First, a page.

Massey Area Museum Newsletter
May 2017 by Florence Erikson
Did you know that before there was a highway or railroad through this part of Ontario, the only way to
reach the settlements along the Lower Spanish River was by boat?
The river was a busy waterway. Logs which came down the river were corralled into booms of logs
waiting to be towed to the sawmills. The Boom company held a monopoly on the Spanish River
navigation rights. This kept passenger and freight boats off the river for much of the year.
In 1906, a group of local men, including Henry Sadowski, John Sheets and Charlie Hamilton were
determined to break this monopoly. In Owen Sound, they found an old steamer, the Arctic, and bought it for about $300. At the time the boat was bought, the logs were blocking the mouth of the Spanish. This area was called the tug gap. The situation had gotten so out of control that the river was blocked for four or five miles. The Arctic was caught in the log jam when it was bring brought to Massey. Freeze-up came, and the log booms and the Arctic were frozen in until the next spring. Each morning, Charlie Hamilton would steam up the Arctic and blow the whistle for the men to open the gap. It could not be done. The owners of the Arctic sued the Boom Company for damages for each day the boat was held up. The Court ruled that they had a right to use the river and awarded the owners $100 per day for each day the boat was blocked. In the spring, the Arctic was moved to Massey.
That fall, the logs began to jam again. The Arctic was taken down the river, once again became locked in
the jam, and spent another winter in the tug gap with the owners collecting a handsome fee. The Arctic
was badly damaged in the break-up that spring and could not be salvaged, but the little steamer had
done its job. It had broken the Boom Company’s monopoly on the Spanish River.
Later, navigation rights reverted to the Crown.
Submitted by Ellen Mooney
Robert John and Ella Mooney were not the first in the family to move to and settle in the Massey area. RJ’s sister and brother-in-law, Mary and Frank McIntyre came first. and they convinced RJ and Ella that Temperance Valley was the place to farm.
In March 1899, Robert John and Ella and their two year old son Manson, came from Guyon, Pontiac County in Quebec. They packed up their belongings and livestock and loaded it all on a boxcar in Arnprior, Ontario and headed for their new home in Massey. RJ rode in the caboose so he could tend to the livestock.
Shortly after settling in, Dora May was born on May 7th and they went on to have ten children in total: Manson, Dora (McLaren), Keith, Arnold, Grace (Walford), Marjorie (Clarke), Bernice (Thornton), Allen, Wallace and Edith (Wolgemuth).
At first they rented a small log cabin but, by summer, a house had been built and about three acres cleared and seeded with grain and potato’s. By years end, a barn had been built for the livestock.
Robert John had a comprehensive interest in the community, church, school and municipal government and served as reeve of the municipality for many years, as secretary of the local school board and as an elder of the Massey United Church.
My grandparents were true pioneers. They hacked a hole in the bush to build a home and farm.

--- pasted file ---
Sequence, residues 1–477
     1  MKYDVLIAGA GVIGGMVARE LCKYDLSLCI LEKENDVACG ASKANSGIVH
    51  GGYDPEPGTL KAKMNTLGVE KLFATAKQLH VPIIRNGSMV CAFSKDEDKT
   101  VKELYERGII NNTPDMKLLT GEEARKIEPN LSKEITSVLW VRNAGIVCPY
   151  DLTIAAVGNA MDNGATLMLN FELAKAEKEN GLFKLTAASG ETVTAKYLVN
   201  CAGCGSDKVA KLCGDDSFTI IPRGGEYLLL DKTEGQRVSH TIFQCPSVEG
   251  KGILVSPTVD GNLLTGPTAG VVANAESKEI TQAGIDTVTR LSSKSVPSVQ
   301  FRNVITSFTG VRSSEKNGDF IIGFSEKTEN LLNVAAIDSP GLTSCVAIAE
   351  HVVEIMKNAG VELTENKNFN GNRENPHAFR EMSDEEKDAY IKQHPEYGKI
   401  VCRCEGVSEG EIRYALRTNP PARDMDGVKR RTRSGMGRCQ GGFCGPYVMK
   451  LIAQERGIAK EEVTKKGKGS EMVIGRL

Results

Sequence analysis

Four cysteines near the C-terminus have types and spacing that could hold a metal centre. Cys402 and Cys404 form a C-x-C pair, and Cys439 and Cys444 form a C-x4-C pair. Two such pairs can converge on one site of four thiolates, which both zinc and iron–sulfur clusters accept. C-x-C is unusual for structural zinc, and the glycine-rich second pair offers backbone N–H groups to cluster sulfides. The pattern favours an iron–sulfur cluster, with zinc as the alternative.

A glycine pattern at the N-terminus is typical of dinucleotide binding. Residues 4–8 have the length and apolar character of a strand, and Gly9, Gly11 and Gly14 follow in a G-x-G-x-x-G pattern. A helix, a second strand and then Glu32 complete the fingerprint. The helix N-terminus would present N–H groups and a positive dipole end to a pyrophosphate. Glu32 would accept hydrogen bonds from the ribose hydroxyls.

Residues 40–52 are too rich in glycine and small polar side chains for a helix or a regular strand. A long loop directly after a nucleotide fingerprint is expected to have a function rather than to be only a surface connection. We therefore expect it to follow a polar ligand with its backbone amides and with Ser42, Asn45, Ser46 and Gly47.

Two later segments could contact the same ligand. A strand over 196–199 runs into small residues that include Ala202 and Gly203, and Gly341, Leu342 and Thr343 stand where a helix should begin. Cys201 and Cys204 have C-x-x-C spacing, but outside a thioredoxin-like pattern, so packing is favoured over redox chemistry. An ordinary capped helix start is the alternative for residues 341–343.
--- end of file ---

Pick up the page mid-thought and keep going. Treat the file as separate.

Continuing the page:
A farm that, 3 generations later is still in existence today.
Jonella Farms, a successful dairy operation is a proud tribute to what my grandparents started 117 years ago.
This summer (2016), Mooney’s will have a reunion to celebrate and remember our family heritage.
Page 26 - Wednesday, September 28, 1988
Edith McKinnon was married to Carl Emiry in 1931.
Edith moved to Massey from her family farm in Paisley, Ontario in 1924 for a teaching job. She had plans to stay only one year in the area.
Edit taught at Massey schools for 21 years.
Carl and Edith's sons, Mack and George, now run the farm.
Mack's and his wife Beth's 20 year old son, David, is planning on helping out after he finishes a degree in Agricultural Science at New Liskeard.
The dairy farm has grown in its 75 year existence to more than ten times its original size. It is now comprised of 1,900 acres, 600 of which are being farmed. Over the past 30 years, the Emirys have purchased five other nearby farm properties.
"I don't know if it's a good trend," Mack Emiry told the Monitor, and added that larger farm operations are inevitable. Because of large farms, the agricultural community has shrunk. As there are fewer farmers in the Massey area, there are no farm machinery dealers or farm services in the town any longer.
Edith Emiry said the larger size of farms affect the community socially as well as economically.
She wrote, "In 1931, when we were married, there were more close neighbours than now. Gradually, over the war years, farms became larger, and neighbours fewer. This is an unhappy aspect of mechanical and technological growth."
Until the early 1940s much of the farm labour was done by man or horse power.
Cows were milked by hand, bottles were washed, filled with milk, sold and distributed by the Emirys. Milk was also sold through dairies such as Piquette's of Espanola an Palm Dairy of Sudbury.
"You wouldn't know it's the same business," said Edith.
As well as selling milk, Edith can remember her mother-in-law making butter and selling it door to door with garden produce and eggs. Pigs, turkeys and potatoes were still raised and sold when George and Mack were growing up. Now the farm "is too busy with cows".
Turnips were grown for cattle feed which required that they be pulped twice a day. Now grain and commercial mixes feed the cows.
Grain farming owes a lot to agricultural science said Edith. Because of the development of earlier maturing varieties, a farmer can harvest two or three cuts of a crop in one season with the use of fertilizer.
Harvesting of the fields has changed also according to Edith. She writes, "In the 30s and earlier threshing machines moved onto your farm. Neighbours gathered to help. Often crews of 16 to 20. Neighbour women came to help prepare the food."
The 85 to 90 milk producing comes on the farm now supply a steady amount of milk to satisfy quotas set up by the marketing board.
Since 1965, the marketing board has the authorization to raise or lower the quota of milk required from each dairy farmer. Farmers now own the right to produce and market milk as opposed to previous local arrangements between dairies and farmers.
A milk truck comes every second day for milk - which usually gets sent to Espanola.
Mack says he has "seen lots of changes in my time". The operation is producing a lot more milk than 20 years ago never mind in the Depression when it was going for six cents a quart.
In 1975 a milking pipeline was installed in the barn complete with a tank which cools the milk to one or two degrees Celsius within 45 minutes. Feeding is also automated.
by Carl Emiry, circa 1970
In 1913, the year my father George Emiry left Manitoulin Island, there was no railway or highway to Little Current from the mainland as there is today. The only way you got off the Island in those days was by boat over to Cutler in the summer or over the ice with sleighs and teams of horses in the winter as soon as the ice was strong enough to carry a load. In the summer, the boat from Gore Bay made daily trips to Cutler and Spanish Mills, where you could catch a train to other points. This boat, called the Winona, was owned by James Purvis of Gore Bay. In the winter, the "horse and stage" as they called it, made daily trips over the ice to Spanish, hauling passengers, mail and freight. A large stable for the winter trips was owned by James Purvis as well. The Burns was another outfit that travelled the ice in winter.